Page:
This section presents the trends in UK funded occupational pension schemes’ assets and liabilities, and the nature of their investments. The results shown in this section report on Quarter 3 (July to Sept) 2020 Financial Survey of Pension Schemes (FSPS) data, and build on the previous publication of the FSPS statistical bulletin. Please note that revisions have been made to this dataset. Please see Section 8: Revisions for further detail.
At the end of Quarter 3 2020, UK funded occupational pension schemes had assets of between £2.4 trillion and £2.9 trillion, depending on the measure used (Table 1). The data reported in the FSPS enable estimates of assets to be produced separately for public sector and private sector employee pension schemes, and by whether the type of pension is defined benefit and hybrid (DBH) or defined contribution (DC).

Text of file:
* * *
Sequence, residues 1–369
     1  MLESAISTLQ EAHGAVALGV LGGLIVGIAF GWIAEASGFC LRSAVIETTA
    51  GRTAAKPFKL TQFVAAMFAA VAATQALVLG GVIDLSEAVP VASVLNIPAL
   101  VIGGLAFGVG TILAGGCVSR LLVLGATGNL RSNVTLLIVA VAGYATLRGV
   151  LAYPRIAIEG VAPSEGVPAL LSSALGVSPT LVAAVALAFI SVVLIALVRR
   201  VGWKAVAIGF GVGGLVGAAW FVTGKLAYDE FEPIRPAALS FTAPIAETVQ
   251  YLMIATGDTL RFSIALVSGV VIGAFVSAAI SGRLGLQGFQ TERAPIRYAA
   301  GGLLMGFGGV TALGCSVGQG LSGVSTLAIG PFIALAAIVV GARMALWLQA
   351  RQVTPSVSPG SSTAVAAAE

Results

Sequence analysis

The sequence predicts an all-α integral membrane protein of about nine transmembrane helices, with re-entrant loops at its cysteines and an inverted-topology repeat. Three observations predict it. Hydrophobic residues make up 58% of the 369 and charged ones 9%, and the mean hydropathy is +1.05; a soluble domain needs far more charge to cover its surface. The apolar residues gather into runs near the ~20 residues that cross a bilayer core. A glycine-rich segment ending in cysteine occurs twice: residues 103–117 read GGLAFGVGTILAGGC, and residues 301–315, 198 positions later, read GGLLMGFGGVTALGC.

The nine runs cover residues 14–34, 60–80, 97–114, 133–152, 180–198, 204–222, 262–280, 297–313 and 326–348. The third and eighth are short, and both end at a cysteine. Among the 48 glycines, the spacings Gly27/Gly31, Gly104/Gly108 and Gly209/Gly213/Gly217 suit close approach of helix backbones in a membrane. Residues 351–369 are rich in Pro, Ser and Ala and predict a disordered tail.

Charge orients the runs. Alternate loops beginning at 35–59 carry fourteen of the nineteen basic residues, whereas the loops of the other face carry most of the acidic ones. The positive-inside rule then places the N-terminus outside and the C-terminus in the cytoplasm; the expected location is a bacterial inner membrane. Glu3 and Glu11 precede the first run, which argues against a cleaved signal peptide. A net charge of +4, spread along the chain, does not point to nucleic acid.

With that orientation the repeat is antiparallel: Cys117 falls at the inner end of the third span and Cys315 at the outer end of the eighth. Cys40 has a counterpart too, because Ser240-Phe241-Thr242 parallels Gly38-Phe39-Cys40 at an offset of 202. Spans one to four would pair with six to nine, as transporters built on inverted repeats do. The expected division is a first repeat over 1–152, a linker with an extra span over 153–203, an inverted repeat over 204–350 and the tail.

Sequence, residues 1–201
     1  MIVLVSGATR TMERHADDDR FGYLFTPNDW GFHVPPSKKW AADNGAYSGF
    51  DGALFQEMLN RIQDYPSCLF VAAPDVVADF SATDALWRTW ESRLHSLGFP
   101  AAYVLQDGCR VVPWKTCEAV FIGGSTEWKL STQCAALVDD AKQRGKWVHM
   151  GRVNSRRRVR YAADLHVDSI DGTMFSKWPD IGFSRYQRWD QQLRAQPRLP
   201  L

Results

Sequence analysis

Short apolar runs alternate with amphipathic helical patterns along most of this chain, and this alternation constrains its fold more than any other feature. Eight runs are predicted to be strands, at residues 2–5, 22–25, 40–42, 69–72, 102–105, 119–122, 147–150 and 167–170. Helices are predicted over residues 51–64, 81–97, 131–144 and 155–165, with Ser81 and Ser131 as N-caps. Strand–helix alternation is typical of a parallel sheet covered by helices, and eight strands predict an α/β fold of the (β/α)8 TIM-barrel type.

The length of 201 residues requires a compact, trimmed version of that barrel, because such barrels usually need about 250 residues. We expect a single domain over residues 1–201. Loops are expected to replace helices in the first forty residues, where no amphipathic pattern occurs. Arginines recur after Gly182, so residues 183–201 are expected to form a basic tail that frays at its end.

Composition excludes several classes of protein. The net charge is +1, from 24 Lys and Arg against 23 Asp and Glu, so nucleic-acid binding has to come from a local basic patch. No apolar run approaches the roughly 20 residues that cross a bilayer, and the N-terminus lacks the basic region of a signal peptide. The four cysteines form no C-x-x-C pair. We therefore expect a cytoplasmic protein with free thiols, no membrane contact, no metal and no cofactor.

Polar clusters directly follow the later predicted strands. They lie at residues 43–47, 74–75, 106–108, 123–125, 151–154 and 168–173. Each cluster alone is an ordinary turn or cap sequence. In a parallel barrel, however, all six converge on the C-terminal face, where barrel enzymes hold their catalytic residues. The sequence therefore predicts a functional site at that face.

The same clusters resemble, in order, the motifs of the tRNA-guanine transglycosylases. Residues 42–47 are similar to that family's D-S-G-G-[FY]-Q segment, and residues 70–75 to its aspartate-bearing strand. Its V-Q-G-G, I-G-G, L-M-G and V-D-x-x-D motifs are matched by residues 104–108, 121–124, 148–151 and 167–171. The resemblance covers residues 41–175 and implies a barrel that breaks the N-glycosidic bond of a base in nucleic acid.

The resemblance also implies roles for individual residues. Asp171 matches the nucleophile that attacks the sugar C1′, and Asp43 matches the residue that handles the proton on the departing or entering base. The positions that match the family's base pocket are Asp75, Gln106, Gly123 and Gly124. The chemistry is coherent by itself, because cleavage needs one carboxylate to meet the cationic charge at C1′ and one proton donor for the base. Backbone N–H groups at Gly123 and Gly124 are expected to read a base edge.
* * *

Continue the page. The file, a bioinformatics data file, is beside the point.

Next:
Total assets and liabilities
Total assets and liabilities remained relatively unchanged when compared with the previous quarter’s results. The market value of pension funds, calculated as gross assets excluding derivatives minus gross liabilities (other than pension liabilities) excluding derivatives, has increased by less than 1%. Here, gross assets excluding derivatives increased by less than 1% while non-pension liabilities declined by 2%, both contributing to the overall market value increase. Gross non-pension liabilities predominantly consist of repurchase agreements. Derivatives contracts, with a positive and negative value, fell by 4% and 3% respectively over the period.